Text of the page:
I am so sorry to read this and my heart goes out to you.
Unless you have the Vet do a necropsy, there is really no way to tell the definite cause. Could have heart, an internal bleed, tumor, seizure, etc.
There is no such thing as "just a dog", you loved her, and she was part of your family, and you must be grieving right now. I am so very sorry she passed away like this, it must be such a terrible shock for you.
I don't think there was one thing you could have done. Her death was almost instantaneous by the sound of it. If she had felt ill before this she would have wakened, probably jumped off the bed, and wakened you. Whatever happened must have happened very suddenly, and it's also possible she was only semi-awake when it happened.
If she showed no signs of feeling ill before this, or any symptoms, such as not eating, lethargy, or anything else....then you could not possibly have known. And it was completely out of your control.
I can't say what may have taken her. Possibly a heart attack, or brain hemorrage. But the only way to know for certain would be to have an autopsy (necropsy) done.
I am so sorry for your loss. It's never easy to accept the loss of a beloved 4-legged family member, and it's more difficult still when there is no explanation for that loss.
Vocalizing like that at the moment of death most normally means a cardiac or cerebral event of some sort. The only way to tell for sure, as Ginger has said, would be to have the vet perform a necropsy. Sometimes there are outward signs that a vet can spot without doing an actual internal necropsy but most often, the only way to tell for sure would be to perform the full procedure.
Please don't beat yourself up over this. Even if you had been awake, chances are very good that by the time she made the noise that you heard, there was no time left to save her. In cardiac or cerebral events, the dog is often unresponsive by this time and you would not have been able to get her to even an emergency vet on time to save her. Again, my most sincere condolences on her loss.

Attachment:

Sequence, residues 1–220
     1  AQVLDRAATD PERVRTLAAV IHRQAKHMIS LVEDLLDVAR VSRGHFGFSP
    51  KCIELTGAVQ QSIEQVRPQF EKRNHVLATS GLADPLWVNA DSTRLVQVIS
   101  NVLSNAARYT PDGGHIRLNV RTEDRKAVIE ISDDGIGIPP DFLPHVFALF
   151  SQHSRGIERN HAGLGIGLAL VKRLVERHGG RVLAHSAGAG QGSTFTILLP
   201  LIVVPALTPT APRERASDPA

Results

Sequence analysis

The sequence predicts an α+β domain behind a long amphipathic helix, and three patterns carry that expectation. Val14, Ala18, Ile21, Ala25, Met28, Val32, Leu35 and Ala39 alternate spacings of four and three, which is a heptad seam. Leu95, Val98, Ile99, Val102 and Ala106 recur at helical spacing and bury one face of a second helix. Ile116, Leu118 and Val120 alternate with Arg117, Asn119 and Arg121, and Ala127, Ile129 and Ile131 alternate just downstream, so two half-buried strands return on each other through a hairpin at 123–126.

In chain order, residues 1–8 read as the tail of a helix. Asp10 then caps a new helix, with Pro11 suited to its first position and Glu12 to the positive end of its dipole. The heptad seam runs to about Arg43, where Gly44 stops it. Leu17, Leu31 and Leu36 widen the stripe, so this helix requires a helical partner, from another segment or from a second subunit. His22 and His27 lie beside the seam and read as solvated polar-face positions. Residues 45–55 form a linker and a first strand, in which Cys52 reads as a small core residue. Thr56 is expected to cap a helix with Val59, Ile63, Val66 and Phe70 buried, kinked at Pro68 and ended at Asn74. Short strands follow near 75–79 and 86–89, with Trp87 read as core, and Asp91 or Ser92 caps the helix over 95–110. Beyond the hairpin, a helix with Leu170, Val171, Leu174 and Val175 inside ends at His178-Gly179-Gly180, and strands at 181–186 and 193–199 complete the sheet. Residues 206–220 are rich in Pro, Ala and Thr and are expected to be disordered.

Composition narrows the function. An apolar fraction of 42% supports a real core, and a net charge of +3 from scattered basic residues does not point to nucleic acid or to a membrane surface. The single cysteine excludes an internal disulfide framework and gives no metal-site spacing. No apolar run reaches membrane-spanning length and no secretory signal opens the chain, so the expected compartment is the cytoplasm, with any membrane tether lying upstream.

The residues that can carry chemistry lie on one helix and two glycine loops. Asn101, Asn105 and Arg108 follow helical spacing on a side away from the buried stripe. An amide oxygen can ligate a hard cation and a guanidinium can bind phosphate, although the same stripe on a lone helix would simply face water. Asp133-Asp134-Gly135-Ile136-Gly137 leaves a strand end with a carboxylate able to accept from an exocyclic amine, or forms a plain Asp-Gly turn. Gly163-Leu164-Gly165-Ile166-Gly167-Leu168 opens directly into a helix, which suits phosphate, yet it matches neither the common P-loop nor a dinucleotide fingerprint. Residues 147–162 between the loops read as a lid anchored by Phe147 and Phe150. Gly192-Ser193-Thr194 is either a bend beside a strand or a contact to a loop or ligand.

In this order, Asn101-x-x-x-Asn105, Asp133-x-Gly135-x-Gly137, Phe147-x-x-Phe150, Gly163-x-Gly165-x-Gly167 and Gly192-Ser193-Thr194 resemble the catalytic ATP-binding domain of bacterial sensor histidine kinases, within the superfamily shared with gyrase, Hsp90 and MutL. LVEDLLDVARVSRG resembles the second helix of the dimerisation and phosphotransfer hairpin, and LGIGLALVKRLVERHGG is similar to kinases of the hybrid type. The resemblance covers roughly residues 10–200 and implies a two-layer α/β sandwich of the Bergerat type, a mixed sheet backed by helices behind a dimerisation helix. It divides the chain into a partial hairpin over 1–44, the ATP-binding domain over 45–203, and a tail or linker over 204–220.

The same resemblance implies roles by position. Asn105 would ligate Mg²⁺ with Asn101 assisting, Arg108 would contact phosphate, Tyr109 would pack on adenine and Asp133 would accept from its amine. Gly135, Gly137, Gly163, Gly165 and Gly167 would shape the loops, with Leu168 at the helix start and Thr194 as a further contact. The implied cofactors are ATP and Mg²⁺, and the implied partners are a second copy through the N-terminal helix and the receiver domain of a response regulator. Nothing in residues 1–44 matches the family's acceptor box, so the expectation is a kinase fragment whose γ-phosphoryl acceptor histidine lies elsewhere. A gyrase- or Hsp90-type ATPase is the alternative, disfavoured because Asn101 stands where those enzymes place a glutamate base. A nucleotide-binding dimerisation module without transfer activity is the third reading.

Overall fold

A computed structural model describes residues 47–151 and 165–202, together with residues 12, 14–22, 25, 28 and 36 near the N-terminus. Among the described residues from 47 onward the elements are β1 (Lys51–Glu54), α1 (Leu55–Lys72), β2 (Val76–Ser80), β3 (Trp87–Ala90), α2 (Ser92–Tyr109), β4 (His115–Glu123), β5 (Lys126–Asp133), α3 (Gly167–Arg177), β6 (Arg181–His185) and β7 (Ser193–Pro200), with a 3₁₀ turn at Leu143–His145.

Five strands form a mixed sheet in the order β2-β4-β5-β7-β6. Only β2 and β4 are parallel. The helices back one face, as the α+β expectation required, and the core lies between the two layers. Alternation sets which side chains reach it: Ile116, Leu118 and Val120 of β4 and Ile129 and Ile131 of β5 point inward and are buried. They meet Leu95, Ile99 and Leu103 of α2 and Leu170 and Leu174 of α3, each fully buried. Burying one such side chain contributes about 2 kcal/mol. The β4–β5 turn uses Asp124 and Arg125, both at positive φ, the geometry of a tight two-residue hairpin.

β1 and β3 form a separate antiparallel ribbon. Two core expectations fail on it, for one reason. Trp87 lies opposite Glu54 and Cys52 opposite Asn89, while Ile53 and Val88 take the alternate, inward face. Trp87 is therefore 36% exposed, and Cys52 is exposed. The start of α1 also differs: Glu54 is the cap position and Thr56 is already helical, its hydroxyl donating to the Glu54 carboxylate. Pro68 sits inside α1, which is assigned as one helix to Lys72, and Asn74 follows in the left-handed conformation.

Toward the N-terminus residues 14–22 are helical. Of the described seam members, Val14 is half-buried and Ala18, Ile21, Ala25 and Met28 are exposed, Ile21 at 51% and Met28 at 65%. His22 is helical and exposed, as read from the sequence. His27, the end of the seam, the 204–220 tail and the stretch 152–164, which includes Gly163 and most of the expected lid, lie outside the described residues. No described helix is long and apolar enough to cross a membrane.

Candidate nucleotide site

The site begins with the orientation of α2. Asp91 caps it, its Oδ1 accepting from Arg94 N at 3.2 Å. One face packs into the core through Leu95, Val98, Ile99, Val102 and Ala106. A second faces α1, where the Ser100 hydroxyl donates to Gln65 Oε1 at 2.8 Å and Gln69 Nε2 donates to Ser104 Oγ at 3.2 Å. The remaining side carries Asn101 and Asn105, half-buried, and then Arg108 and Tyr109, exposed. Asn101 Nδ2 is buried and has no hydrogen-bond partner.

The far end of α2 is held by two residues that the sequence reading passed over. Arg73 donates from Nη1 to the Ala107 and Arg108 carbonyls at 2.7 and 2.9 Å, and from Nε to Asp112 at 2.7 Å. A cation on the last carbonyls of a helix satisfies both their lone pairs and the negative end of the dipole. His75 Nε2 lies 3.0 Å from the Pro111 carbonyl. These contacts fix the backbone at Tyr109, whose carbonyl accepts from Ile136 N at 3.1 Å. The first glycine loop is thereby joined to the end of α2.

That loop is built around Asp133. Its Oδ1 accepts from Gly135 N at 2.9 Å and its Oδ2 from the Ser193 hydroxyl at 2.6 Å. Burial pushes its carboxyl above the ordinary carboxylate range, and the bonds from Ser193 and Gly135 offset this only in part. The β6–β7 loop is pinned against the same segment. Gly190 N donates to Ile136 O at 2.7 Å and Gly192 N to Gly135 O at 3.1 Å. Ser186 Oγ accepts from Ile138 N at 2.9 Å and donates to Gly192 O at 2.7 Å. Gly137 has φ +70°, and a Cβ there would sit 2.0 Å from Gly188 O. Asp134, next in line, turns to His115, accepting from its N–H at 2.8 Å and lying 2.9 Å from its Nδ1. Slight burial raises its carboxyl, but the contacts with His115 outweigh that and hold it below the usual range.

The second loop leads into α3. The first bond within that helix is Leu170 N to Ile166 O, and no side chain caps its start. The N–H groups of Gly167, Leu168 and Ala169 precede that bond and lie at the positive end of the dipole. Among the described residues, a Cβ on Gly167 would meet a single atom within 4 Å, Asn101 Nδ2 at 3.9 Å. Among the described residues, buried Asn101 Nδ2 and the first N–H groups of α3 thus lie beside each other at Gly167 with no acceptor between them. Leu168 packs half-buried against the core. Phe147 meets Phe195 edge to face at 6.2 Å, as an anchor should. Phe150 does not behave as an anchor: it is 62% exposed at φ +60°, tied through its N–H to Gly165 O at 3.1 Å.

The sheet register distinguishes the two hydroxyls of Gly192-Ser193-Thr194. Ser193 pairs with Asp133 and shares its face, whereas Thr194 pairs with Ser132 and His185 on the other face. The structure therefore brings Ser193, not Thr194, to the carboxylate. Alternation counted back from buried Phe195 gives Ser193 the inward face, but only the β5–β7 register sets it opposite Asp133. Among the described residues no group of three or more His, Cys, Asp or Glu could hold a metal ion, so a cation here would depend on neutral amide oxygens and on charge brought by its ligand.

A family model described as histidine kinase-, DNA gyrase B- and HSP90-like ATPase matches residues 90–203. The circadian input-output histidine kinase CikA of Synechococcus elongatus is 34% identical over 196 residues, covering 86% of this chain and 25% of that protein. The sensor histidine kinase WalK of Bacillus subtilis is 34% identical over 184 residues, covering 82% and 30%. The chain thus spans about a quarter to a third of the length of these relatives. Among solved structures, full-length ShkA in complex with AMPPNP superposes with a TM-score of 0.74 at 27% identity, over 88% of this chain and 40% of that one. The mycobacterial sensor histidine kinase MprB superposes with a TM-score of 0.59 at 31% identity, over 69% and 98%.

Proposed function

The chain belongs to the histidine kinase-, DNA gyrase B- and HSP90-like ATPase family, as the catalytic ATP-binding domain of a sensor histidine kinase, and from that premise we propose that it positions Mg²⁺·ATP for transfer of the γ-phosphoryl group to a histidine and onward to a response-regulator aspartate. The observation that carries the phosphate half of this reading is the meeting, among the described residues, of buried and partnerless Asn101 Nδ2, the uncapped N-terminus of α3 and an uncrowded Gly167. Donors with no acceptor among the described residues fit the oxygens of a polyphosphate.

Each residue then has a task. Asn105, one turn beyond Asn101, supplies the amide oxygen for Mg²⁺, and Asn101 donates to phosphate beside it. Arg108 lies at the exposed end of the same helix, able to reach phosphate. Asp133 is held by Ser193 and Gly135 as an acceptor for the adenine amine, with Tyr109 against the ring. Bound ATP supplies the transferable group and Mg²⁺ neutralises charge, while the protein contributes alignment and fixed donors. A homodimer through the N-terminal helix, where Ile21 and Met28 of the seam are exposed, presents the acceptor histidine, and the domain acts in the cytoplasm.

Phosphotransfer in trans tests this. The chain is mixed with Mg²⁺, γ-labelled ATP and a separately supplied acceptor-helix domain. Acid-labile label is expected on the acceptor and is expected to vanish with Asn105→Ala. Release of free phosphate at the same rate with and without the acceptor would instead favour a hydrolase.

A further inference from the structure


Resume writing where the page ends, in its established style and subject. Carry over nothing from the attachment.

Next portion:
Thank you for your post. I am so deeply sorry for your loss. I know what you are experiencing. I just lost my 15.5 year old Papillon. She was happy & full of energy even at 15.5 years old. People that she was a puppy AND she was in good health. She never showed signs of illness. So her sudden death came as a complete shock.
Your post helped me with all the second guessing I've done with my dog's passing. My dog made a choking sound at 6 am. I went to her & patted her back, massaged her tummy & she was fine. Nothing came out. She wheezed a little, then fell asleep. I went back to bed. A couple of hours later I heard a horrible scream. I jumped out of bed & found her in the living room on her side. She felt stiff. I rubbed her for a few minutes & then she stood up. I called the vet, office closed. I called pet emergency & they told me to bring her in. We spent the entire day at the hospital. They put her on oxygen, did an xray & ultra sound. It was determined she had an enlarged heart & defective valve. She was on oxygen & diuretics all day. By 6pm she had labored breathing & when I saw her struggling to breathe I knew it was time. I asked the vet if there was a glimmer of hope & she said 100% no. I've struggled with the thought that I shouldn't have rushed her to the hospital. Perhaps the oxygen, diuretics & stress is what killed her? Then again had I kept her at home & if she died at home later, I would have wondered why didn't I rush her to the hospital. It's a dilemma.
I just learned dogs can scream due to a bad dream. That never crossed my mind. She was my first dog so I never heard of that. So hearing about your experience as someone who didn't rush their dog to the emergency helps with my grieving. Either way we'll never know the answer for sure. I think when it's their time to go, it happens and we can never prepare for it. They are part of the family & it's hard to let them go. Be well & know you did the best you could.
EIC...a common genetic syndrome in Labs because they are the most popular breed. Exercise Induced Collapse. The same thing happened to my healthy 3 year old Lab after a walk and a couple of fetches in the park. He also screamed before he died. The vet tech who came to help said she often saw that and it was because their systems were shutting down and they don’t know what’s happening. EIC is often NOT fatal and mistaken for heatstroke. Often, they get weak in the hindquarters. It happens to dogs beteeen the ages of 5 months and 3 years (my dog had just turned 3). They are studying it at the University of Minnesota’s veterinary school. Dogs who have the gene from both mom and dad get it. Usually they are perfect specimens who are excitable and driven to retrieve. They have a DNA test for it that costs about $50.
It’s a traumatic thing to have happen to you and your pet, but don’t beat yourself up about not knowing what was happening at the time.
i feel you deeply. My cat passed away just yesterday , he was in pain as an abscess or some infection had developed in his lower leg due to another cat's bite. He tried to tell me by mewing but i couldnt see the wound because of his fur. I knew he was in pain but even the vets couldnt figure it out. Alas my dad gave him poison by injecting it since he was in so much pain, we couldnt think of anything else. i miss him so much, i loved him alot and i really miss those times when he would cuddle up right next to me ..i wish i had been a better cat owner. as for your case i feel you alot i think your dog probably passed away because of a neurological disorder since there was twitching or abnormal release of nerve impulses. he definitely had some headache with it as well so he was whimpering.
hope this helps